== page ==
Inspired by vegetal growth behavior, these pyrography engravings are modeled after real environmental change data

The project examines the boundaries of time perception and climate change, by creating a series of images that represent the changes in their surrounding environment, focusing on natural processes that occur at different rates.

Time is a fluid

Vegetation is in a constant process of adaptation, but our perception of these changes is limited to our perception of time as key-points. We perceive the passage from one state to another, dismissing the process and focusing only on the big differences.

In each series every single image represents a day, visualizing how small, almost imperceptible changes from one day to the other, creates a similar shape in the core anatomy of the engraving, but with structural differences.

Hardware

Custom climate sensors gather the data that will be the seed for each series of engravings. They log everything: snow, rain, sunshine… along with air quality, temperature, humidity, and every other significant value.

All representative data that would affect plant growth is captured during a relevant time frame and analyzed by a custom algorithm to create digitally grown botanic forms from it.

Software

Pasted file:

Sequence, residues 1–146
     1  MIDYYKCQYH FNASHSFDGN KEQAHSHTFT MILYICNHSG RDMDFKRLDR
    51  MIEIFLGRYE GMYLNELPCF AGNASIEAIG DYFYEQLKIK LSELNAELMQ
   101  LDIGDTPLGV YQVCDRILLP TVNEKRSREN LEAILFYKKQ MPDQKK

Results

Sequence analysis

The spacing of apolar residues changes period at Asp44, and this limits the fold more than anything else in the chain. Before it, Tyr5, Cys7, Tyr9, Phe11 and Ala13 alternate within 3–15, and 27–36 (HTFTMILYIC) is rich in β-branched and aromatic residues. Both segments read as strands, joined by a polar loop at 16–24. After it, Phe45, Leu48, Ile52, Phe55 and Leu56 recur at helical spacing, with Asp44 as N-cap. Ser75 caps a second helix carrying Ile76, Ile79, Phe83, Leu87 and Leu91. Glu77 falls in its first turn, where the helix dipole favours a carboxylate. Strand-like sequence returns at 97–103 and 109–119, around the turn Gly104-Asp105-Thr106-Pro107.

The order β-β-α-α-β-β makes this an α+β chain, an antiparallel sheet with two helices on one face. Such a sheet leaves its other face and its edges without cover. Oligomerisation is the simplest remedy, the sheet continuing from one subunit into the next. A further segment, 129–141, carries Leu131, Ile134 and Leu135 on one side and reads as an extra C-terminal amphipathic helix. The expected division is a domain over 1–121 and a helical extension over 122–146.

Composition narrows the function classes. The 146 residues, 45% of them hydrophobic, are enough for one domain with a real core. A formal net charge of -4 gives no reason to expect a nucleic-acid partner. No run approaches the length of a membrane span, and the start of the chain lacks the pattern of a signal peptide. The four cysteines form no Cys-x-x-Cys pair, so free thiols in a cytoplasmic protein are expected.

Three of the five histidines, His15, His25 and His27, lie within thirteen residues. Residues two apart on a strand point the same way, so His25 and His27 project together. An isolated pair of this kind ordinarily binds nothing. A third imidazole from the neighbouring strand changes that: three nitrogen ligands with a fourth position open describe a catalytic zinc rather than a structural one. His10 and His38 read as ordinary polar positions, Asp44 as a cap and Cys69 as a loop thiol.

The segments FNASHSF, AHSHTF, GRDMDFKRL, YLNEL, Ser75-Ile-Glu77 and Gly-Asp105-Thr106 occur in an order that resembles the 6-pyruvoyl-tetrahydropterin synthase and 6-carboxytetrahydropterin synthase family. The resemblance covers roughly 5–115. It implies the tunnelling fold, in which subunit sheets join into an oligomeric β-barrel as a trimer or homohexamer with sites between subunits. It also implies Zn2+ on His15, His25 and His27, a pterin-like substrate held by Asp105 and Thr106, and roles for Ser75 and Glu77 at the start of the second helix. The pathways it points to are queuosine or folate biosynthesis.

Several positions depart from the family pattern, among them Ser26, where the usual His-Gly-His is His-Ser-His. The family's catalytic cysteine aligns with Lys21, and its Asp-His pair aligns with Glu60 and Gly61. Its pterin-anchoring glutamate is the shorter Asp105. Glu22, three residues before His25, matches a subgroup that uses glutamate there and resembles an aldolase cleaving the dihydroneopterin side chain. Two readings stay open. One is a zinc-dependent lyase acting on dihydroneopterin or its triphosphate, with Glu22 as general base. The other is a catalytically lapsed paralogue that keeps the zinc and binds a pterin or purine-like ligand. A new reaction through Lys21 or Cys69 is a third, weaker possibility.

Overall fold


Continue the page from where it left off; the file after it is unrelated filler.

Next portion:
Inspired by natural growth behavior, a computational process creates virtual shapes that adapt to the real environment.
The real experience of climate, captured as digital data, is fed to this artificial organism which is continuously expanding and refining its shape as the environment characteristics change, producing a wide variety of growing structures.

Science vs experience

When it comes to artistic data visualization, the model utilized to map the data should have an intrinsic relation to what is visualizing, in such manner that even without trying to read the data, the graphic should convey a subconscious understanding based on our own experience of the world.

These resulting graphics are laser engraved on thin wood veneer, which makes them look close to something as natural as plants dried between pages of a book, rather than a computer-generated graphic. Along with them, samples of real vegetation (from the area where the data was captured and used as inspiration to model the specific visualization algorithm of each series) are shown in glass sample tubes.


New series of Receptive Environments engravings are released often as limited editions via store updates.

Since

  • 2011

Thanks to

  • Katja Endisch
  • María José Martínez
  • Espen Gangvik

Supported by

  • Junta de Andalucia
  • Künstlerhaus Bethanien

Commissioned by

  • Trondheim biennale for Art & Technology – Meta.Morf
  • EnBW
  • Centro de Arte Rafael Boti